6.     Showcase your products

Consider how your customers will want to search for and find your products, and create product categories to help them find what they need. For example, if you sell home decor, create categories for wall decor, decorative cushions and blankets.

Remember these categories should be created to support the customer experience, not because they make it easier for you to upload items. Customers may be more interested in whether an item meets their needs than the brand. If brands are also important in your store, be sure to categorize what the item is and the brand.

7.     Manage inventory

If you are selling products solely online, you will want to upload your inventory data into your shop so your CMS can track how many of each item you have and indicate to customers when an item is sold out. This way customers are only paying for items you have in stock and can ship to them.

If you also have a retail store where customers can enter and shop, you’ll want to integrate your point-of-sale system with your e-commerce store to ensure that you can track inventory coming into your business and going out to customers shopping in person and online.

8.     Set up payment processing

Your CMS will help connect you directly to different payment options, such as credit cards, PayPal and Apple Pay. You can either partner with a bank to accept payments or use built-in software or services in your shop. Ensure your system is set up to charge appropriate taxes and track the tax collected.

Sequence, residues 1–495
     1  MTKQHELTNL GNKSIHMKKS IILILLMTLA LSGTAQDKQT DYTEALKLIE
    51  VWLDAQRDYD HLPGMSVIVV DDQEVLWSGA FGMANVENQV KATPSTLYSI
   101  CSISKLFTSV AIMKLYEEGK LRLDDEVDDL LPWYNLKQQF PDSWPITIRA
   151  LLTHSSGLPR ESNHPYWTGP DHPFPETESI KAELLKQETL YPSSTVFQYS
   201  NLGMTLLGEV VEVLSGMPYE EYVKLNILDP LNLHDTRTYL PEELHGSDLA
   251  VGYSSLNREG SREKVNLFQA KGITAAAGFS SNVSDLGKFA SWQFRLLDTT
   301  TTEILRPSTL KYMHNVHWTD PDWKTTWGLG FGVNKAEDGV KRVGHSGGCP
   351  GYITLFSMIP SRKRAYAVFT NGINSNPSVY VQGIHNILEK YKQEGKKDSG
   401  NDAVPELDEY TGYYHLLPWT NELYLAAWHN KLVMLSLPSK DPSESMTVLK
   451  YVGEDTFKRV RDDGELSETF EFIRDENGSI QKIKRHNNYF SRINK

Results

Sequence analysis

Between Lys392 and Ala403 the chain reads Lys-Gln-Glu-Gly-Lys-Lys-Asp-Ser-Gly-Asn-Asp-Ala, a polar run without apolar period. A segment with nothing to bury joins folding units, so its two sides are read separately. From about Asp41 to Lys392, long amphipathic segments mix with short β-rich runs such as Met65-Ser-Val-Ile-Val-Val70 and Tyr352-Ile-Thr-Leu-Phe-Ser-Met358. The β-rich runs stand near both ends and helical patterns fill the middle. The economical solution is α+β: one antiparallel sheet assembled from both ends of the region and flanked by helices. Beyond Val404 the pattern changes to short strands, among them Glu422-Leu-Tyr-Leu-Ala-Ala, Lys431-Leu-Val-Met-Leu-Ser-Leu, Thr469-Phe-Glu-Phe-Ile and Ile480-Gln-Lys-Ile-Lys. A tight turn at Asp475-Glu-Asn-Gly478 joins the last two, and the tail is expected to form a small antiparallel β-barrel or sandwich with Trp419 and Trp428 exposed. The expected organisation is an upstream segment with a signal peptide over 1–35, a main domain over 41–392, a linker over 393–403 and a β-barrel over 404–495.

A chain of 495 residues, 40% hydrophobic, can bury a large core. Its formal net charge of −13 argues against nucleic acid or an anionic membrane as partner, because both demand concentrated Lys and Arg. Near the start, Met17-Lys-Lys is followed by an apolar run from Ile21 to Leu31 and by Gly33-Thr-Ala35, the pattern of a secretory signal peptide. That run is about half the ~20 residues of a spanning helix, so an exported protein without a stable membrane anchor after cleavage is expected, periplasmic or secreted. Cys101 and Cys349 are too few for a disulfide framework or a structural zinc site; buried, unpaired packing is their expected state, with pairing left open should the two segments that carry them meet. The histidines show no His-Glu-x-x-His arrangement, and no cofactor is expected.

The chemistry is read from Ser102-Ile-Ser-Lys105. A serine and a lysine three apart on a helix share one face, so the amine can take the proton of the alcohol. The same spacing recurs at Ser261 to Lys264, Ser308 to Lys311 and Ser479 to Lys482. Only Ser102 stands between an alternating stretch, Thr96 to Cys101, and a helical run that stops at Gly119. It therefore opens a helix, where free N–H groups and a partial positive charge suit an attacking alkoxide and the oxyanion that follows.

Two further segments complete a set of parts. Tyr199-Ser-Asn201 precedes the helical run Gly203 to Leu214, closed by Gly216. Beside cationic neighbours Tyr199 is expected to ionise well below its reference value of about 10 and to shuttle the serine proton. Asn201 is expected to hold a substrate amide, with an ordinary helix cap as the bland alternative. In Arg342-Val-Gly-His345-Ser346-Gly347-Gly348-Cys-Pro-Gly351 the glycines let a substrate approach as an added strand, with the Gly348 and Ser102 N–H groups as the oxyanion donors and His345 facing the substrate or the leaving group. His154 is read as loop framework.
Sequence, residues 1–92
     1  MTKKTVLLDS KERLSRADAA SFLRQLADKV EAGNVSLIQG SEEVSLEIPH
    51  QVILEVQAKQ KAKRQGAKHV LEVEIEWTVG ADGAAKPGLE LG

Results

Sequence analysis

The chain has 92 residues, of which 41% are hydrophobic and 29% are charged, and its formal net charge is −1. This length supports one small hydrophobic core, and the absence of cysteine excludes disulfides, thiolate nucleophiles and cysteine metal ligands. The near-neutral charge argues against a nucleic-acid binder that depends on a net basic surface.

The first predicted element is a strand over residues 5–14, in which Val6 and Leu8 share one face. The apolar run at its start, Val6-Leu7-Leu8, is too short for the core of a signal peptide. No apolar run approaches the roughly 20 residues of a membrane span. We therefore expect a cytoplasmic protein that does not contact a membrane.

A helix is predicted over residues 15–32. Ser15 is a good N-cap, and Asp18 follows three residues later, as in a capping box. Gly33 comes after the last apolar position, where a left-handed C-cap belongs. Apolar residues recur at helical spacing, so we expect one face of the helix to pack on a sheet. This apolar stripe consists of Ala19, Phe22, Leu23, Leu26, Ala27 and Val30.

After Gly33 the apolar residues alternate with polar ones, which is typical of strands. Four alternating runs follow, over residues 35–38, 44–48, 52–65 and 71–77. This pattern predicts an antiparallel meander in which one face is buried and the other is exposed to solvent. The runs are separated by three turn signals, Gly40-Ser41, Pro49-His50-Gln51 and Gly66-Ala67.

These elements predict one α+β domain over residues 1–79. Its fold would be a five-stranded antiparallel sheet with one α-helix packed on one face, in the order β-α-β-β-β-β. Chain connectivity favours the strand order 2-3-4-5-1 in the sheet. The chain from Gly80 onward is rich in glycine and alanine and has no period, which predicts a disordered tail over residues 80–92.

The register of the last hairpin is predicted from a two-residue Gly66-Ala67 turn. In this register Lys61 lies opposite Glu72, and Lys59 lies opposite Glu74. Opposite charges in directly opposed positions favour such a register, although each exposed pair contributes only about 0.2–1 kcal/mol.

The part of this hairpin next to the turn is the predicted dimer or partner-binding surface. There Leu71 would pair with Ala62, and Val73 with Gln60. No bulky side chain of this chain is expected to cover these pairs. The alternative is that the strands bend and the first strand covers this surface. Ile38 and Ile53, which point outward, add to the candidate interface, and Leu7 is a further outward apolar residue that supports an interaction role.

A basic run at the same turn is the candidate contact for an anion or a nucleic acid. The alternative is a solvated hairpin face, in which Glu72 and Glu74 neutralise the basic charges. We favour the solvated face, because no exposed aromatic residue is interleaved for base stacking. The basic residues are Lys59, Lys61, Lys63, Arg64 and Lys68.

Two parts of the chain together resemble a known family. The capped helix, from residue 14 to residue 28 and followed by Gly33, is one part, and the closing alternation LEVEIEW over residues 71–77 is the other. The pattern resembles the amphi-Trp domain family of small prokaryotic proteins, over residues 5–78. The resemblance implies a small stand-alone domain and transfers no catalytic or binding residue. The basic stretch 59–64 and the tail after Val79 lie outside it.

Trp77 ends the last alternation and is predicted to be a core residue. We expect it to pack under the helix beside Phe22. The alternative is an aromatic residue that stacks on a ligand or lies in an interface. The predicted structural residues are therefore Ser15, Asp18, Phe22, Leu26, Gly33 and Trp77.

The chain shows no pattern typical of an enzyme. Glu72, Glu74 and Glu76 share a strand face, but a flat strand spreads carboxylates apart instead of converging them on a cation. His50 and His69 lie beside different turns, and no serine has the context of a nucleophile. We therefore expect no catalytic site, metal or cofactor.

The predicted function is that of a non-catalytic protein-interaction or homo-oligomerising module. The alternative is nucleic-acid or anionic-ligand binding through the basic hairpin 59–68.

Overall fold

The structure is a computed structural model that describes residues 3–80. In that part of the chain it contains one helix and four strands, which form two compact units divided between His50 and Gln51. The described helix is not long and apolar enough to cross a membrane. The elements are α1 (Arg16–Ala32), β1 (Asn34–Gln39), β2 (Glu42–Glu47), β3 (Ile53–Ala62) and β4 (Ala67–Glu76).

Any payment processing will likely come with a fee, and it’s simply a cost of doing business and offering convenience for your customers. However, it’s good to have a close look at what fees will be charged and what they cover. For each payment option, you can weigh how valuable it will be to your customers and how much it will cost you to offer it.

9.     Create customer policies

Decide how you’ll handle shipping costs, returns, deposits and other details before you begin selling online. Draft a policy to cover privacy and data collection, and create a page for it to live on your site.

These policies can evolve as your business grows, but you’ll be able to offer a smoother experience for your customers if you communicate from day one how your business operates and how you can support them.

10.  Test and launch

Test your shop before you launch. Walk through the shopping and payment steps thoroughly to ensure customers can easily navigate your store, add items to their cart and complete their purchases.

Test all variables, such as multiple devices and payment types, and have more than one person test to see how things work before real people start shopping. A new customer who has a poor experience trying to shop with you is unlikely to want to try again.

11.  Promote your new shop

Have a plan to promote your e-commerce store and drive customers to your shop. You may want to create a rollout plan that includes announcements on social media and through email marketing.

Be sure to link to your shop instead of your home page where possible, and invite people to visit your shop to help drive a better return on your investment.

When integrated with your website, an e-commerce store can act like a salesperson 24-7, even when a retail store is closed to walk-in traffic. You can operate your business at a lower cost, track your sales, customers and inventory more closely, and offer a better experience to more customers.